Trustees | Trusteeship

There are serious issues at ISU

IDAHO STATE JOURNAL   |  February 4, 2011 by Mike Ellis

On Jan. 24, the Idaho State University Faculty Senate resolution calling for a vote of confidence/no confidence on President Arthur Vailas passed 19-6, a margin of over 3 to 1.  In addition to and independent of the resolution, ISU faculty submitted a petition that also called for a confidence vote on President Vailas.  This petition was signed by 166 full-time ISU faculty members, more than 25 percent of the faculty.

In his response to the Faculty Senate resolution, ISU Director of Marketing and Communications Mark Levine claims that “there are multiple avenues at all levels in place for those who disagree to exercise those disagreements, including those who might disagree with the President.”   The Faculty Senate met with Dr. Vailas in October and January. These meetings were unproductive.   Dr. Vailas either dismissed faculty concerns by calling the Faculty Senate dysfunctional or insinuated that Phil Cole, chair of the Faculty Senate, was somehow to blame. The Vailas administration has rejected mediation and face-to-face meetings have led to condescending and derogatory remarks.  Furthermore, President Vailas expressly stated to the Faculty Senate that he did not agree to mediate faculty concerns. Given this, how can there be a proper venue for airing and resolving our “disagreements”?

Without providing any supporting evidence, Mr. Levine dismissively claims that the “allegations are either untrue or misleading.” Faculty have genuine concerns.  Mr. Levine’s unilateral disregard for these concerns is, in my view, not constructive. Among the issues of concern in the Faculty Senate resolution are retaliation, administrative chaos resulting from a hasty and unplanned reorganization, along with the wrongful dismissal of a distinguished teacher, who dared to disagree with the president. In fact, not one of the 27 faculty issues contained within the resolution are addressed.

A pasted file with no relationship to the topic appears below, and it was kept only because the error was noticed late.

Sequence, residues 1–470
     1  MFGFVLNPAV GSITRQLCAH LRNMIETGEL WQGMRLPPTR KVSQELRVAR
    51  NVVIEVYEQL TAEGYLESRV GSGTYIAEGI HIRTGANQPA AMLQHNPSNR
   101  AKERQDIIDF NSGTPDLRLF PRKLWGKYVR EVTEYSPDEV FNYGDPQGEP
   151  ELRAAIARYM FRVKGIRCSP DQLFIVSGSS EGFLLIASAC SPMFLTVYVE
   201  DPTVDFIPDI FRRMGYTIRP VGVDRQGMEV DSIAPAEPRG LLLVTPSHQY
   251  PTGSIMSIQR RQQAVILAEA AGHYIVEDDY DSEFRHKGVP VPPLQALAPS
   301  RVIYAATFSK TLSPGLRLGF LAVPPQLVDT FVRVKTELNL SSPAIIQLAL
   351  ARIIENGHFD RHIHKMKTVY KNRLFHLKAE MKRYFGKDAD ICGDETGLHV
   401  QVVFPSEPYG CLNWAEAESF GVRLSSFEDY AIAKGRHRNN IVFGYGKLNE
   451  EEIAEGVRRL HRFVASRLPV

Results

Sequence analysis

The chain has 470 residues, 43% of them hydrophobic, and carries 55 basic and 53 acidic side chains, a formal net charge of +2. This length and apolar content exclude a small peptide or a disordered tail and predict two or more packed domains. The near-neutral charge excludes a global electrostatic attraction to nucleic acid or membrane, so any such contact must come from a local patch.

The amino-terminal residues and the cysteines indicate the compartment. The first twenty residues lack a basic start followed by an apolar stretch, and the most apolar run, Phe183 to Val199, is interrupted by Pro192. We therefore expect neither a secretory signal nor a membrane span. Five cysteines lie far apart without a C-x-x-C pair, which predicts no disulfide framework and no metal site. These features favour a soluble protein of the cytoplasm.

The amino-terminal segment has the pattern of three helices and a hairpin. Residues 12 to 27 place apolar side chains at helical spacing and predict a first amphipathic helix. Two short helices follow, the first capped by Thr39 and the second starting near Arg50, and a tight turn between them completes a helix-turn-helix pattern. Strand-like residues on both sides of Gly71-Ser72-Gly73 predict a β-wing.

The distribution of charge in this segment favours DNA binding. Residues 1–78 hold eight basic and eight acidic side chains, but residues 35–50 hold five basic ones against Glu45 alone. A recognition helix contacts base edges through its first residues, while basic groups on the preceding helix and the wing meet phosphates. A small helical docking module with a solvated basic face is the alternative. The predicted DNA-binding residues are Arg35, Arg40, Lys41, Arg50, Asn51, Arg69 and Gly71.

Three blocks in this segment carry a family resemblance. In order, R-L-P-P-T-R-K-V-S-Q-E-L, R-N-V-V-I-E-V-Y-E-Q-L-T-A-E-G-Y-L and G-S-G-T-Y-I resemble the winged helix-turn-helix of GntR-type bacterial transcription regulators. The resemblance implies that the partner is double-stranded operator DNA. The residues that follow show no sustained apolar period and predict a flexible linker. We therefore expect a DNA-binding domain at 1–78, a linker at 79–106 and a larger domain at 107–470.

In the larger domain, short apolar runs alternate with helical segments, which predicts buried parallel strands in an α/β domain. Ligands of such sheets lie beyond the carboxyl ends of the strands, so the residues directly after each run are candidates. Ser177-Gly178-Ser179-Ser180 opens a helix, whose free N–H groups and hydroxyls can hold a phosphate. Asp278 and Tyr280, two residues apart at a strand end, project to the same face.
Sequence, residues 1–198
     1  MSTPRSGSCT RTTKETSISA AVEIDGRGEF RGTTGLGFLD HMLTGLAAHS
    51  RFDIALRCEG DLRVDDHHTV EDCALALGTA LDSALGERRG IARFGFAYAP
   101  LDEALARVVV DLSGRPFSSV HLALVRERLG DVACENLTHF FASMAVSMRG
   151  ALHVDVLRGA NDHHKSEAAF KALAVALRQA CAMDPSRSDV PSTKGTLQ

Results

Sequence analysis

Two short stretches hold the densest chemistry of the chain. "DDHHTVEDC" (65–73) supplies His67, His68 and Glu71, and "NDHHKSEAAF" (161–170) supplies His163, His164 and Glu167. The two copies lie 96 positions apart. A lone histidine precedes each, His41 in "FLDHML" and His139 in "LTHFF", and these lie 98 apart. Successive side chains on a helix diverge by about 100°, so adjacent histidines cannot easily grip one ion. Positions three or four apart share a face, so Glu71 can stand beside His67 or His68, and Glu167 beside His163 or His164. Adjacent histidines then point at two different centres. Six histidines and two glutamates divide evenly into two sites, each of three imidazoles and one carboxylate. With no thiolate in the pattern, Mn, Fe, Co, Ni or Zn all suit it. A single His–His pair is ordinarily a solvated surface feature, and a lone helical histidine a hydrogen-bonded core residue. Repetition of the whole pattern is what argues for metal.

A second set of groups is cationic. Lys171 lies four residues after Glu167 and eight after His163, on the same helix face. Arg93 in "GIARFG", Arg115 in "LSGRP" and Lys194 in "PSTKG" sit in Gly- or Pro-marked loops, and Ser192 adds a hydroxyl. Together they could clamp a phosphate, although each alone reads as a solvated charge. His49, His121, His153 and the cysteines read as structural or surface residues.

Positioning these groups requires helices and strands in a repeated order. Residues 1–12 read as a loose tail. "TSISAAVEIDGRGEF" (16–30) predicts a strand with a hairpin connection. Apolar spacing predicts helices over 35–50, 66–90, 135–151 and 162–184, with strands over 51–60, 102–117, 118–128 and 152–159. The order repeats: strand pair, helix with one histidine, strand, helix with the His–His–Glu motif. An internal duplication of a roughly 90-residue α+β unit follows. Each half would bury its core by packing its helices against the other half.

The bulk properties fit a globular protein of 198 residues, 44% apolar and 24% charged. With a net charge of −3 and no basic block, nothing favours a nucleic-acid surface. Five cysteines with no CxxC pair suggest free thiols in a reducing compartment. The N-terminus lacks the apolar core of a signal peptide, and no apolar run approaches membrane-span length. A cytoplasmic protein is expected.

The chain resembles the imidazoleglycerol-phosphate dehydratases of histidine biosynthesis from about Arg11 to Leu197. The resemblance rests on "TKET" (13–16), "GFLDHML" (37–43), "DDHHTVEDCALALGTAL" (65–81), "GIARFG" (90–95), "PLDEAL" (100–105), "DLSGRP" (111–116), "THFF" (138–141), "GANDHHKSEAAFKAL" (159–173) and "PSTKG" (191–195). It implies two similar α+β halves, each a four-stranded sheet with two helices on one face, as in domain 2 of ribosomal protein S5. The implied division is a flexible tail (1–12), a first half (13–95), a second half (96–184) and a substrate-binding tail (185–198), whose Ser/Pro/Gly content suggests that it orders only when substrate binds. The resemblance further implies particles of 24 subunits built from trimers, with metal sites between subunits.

How should ISU students feel when they hear the ISU administration boast that the university now has accumulated more than $7 million in new financial reserves?  Enrollment fees have increased by over 35 percent under President Vailas making ISU the most expensive university in Idaho.  And it is more than academic expenses that have increased. Just last summer parking fees for students, staff and faculty were substantially increased, in some cases by over 300 percent.  This money is not going for improved parking on campus, but rather it is yet another revenue stream for the university.   Further, I would like to know if any of the other “Research University High” institutions have had to charge “special” class fees, in addition to tuition, to just provide enough money for printing exams.

Mr. Levine writes: “… all the things that should be up are up and all things that should be down are down.”   Administration is way up. Despite these trying economic times, the administrative budget at ISU has increased significantly.  In a recent report, the American Council of Trustees and Alumni indicates that spending on administration at ISU has increased by 65.9 percent from 2003 to 2008.  Education of the students is way down.  Some departments don’t have the funds to buy chalk. However, the College of Science and Engineering is spending money to remodel the administrative offices.

An administration that guts academic programs by laying off instructors, not replacing departing faculty, and virtually zeroing out material and supply budgets will show a temporary bump in the budget books, but at the long-term cost of making these programs unsustainable.   For example, the Vailas administration has forced ISU’s foreign language department to eliminate Arabic, Chinese and Russian. Is this strategic in today’s global economy? Now only Spanish is covered in any depth. The remaining three foreign languages—German, French and Japanese—are skeletal programs.  Many ISU students are unable to continue the study of foreign languages in which they have a basic background acquired from living abroad.

Education is the foundation of economic growth and prosperity in Idaho. Many faculty have concluded that the Vailas administration is harming the education of the students.

Educating students is the primary mission of any university.

ISU students are paying more and getting less.

This reckless path is not sustainable. Now is not the time to build institutional reserves on the backs of the students, their parents, faculty and staff. Now is not the time to remodel administrative offices at the expense of materials and supplies for educational programs.

Now is the time for real answers to real issues. ISU can do better and Idaho deserves better.


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